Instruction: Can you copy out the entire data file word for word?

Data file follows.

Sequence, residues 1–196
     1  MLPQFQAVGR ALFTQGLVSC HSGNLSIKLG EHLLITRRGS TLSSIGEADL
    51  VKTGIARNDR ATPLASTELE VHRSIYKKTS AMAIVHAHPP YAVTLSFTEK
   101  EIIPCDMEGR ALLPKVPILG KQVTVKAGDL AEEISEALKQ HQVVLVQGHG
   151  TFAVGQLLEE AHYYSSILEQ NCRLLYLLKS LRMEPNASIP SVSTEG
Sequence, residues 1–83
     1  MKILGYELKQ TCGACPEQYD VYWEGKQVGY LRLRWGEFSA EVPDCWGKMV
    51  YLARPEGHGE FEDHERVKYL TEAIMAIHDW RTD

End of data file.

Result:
Sequence, residues 1–196
     1  MLPQFQAVGR ALFTQGLVSC HSGNLSIKLG EHLLITRRGS TLSSIGEADL
    51  VKTGIARNDR ATPLASTELE VHRSIYKKTS AMAIVHAHPP YAVTLSFTEK
   101  EIIPCDMEGR ALLPKVPILG KQVTVKAGDL AEEISEALKQ HQVVLVQGHG
   151  TFAVGQLLEE AHYYSSILEQ NCRLLYLLKS LRMEPNASIP SVSTEG
Sequence, residues 1–83
     1  MKILGYELKQ TCGACPEQYD VYWEGKQVGY LRLRWGEFSA EVPDCWGKMV
    51  YLARPEGHGE FEDHERVKYL TEAIMAIHDW RTD